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At UNC Chapel Hill, a promising admission

It might not seem terribly noteworthy that UNC Chapel Hill Chancellor Carol Folt acknowledged this week what most people can plainly see about the school’s academic and athletic scandals. But given the university’s evasive, combative, nothing-more-to-see-here posture of the last several years, it’s progress.

At a Board of Trustees meeting Thursday, Folt said that UNC accepted responsibility for the lack of oversight that resulted in years of bogus African studies courses. Almost half the students in those classes were athletes, she said. “It has undermined our integrity and our reputation, and created a very unhealthy atmosphere of distrust,” she said.

The scandal involving those courses, as well as other academic and athletic issues at UNC, has been reported for years by our colleagues at the News & Observer in Raleigh. So Folt’s acknowledgment was about as revelatory as admitting that UNC really likes to beat the school down the road in Durham in basketball.

But Folt, importantly, also said this: “At Carolina, proceeding toward meaningful athletic and academic reform is requiring us to fully acknowledge and accept lessons of our past.” It’s encouraging that Folt, just six months into the job, went further with those words than UNC officials have gone in years.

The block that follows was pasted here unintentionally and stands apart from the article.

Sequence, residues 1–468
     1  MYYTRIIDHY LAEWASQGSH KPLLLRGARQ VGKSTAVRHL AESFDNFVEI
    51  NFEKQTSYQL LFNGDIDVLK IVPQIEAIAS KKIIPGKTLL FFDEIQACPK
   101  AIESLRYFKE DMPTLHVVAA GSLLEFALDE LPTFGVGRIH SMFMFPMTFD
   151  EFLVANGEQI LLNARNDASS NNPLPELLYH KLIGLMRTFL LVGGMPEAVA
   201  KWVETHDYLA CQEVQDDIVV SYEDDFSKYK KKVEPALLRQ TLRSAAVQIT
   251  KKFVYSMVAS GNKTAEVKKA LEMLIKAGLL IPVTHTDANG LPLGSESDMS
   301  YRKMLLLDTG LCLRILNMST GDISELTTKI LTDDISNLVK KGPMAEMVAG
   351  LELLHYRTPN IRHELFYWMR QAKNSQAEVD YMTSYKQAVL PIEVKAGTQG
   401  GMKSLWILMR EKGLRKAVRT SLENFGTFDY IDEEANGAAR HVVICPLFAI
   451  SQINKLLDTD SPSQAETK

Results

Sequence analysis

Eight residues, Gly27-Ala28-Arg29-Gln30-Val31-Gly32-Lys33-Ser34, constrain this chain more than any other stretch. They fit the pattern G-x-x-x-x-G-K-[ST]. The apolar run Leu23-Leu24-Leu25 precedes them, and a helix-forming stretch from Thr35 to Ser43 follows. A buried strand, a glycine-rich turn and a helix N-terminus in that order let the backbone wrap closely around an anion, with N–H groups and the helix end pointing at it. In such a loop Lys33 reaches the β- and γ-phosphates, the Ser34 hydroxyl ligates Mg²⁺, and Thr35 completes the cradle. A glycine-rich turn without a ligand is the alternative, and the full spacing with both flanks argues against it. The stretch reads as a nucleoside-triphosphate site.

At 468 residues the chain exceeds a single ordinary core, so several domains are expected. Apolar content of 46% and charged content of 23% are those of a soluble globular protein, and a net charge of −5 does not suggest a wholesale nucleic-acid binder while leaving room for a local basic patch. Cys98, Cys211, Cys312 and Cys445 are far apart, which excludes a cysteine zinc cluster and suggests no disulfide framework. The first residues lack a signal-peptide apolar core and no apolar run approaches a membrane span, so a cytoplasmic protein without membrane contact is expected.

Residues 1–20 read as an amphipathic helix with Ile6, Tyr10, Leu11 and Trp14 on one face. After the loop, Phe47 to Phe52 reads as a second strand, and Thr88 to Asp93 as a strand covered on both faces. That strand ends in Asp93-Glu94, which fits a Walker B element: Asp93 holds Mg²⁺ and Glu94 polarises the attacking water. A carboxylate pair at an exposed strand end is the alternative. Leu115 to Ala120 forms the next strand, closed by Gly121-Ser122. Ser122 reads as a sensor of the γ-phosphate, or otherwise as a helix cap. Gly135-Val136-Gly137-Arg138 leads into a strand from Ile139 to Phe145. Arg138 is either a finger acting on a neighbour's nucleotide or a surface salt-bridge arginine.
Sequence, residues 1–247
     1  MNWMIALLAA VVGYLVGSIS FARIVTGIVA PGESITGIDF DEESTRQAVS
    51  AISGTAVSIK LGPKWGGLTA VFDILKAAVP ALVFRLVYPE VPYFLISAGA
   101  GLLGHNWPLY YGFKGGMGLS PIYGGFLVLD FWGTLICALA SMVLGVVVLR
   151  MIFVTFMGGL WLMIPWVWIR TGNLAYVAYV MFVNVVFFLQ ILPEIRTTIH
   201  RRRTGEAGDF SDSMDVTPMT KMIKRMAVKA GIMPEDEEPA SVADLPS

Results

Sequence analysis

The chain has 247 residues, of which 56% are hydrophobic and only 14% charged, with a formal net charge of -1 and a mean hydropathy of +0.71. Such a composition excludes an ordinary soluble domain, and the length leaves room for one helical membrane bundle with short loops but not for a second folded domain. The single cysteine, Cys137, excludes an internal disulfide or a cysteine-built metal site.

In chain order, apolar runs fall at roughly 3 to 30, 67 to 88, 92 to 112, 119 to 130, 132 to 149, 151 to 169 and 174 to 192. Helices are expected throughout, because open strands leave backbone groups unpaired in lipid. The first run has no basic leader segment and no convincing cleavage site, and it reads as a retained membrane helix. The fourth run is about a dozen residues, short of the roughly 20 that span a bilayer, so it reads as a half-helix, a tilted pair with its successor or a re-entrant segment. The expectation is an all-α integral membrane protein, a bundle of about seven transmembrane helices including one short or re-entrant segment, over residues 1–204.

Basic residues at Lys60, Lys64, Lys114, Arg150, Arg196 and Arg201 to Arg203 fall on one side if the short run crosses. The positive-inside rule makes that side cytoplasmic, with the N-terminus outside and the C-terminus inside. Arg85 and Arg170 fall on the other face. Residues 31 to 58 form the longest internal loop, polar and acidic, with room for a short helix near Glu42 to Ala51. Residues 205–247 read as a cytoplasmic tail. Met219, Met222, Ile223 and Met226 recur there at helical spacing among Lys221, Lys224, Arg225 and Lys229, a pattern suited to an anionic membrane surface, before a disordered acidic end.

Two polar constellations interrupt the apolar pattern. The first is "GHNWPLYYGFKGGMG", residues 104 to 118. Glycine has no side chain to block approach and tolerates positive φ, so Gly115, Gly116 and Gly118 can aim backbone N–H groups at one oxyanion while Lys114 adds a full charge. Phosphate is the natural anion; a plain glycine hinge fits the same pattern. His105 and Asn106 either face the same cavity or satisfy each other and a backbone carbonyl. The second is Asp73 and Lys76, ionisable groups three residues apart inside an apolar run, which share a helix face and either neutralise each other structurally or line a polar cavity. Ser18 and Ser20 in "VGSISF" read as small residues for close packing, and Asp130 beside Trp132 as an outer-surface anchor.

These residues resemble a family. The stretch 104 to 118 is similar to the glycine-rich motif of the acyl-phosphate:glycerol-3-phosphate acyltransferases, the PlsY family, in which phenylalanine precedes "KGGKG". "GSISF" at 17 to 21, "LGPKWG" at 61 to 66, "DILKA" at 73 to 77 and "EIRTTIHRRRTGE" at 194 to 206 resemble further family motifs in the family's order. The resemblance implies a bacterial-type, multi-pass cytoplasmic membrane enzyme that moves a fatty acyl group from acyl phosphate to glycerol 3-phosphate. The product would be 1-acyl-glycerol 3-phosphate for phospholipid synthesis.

As recently as last week, however, the school continued to fight back against the perception that athletic and academic problems might run deeper than officials have admitted. When whistleblower Mary Willingham told CNN this month about research showing low literacy levels among UNC football and basketball players, UNC responded with a full court defensive press. Provost Jim Dean called the research “a travesty.” The university issued news releases poking at Willingham’s work. The school decided, suddenly, that the research threatened student privacy, and halted it.

It’s true that Willingham might have shared her research with UNC before divulging it to media, but school officials already had responded dismissively to concerns she’d previously expressed about athletes and academics. A better response to the CNN story would have been to acknowledge Willingham’s concerns and offer to meet and explore her research. Attacking the messenger only deepens the “atmosphere of distrust” that Folt lamented this week.

Similarly, UNC has denied requests from the News & Observer for data that could shed more light on the athletic and academic scandal. Since June, the newspaper has asked for data about bogus academic classes that the school sent to the Southern Association of Colleges and Schools’ Commission on Colleges. UNC officials say they are protecting student privacy, but the N&O has requested info that excludes information that could identify individual students.

The newspaper finally sued for that information Thursday, the same day Folt made her remarks to trustees.

It’s old-school public relations to acknowledge what everyone already knows in an effort to avoid what everyone doesn’t yet realize. UNC officials have used the tactic from the beginning of these athletic and academic scandals. We hope Chancellor Folt wasn’t attempting the same this week, but her words will be meaningful only if she follows through on the “fully” part of acknowledging and accepting the past.

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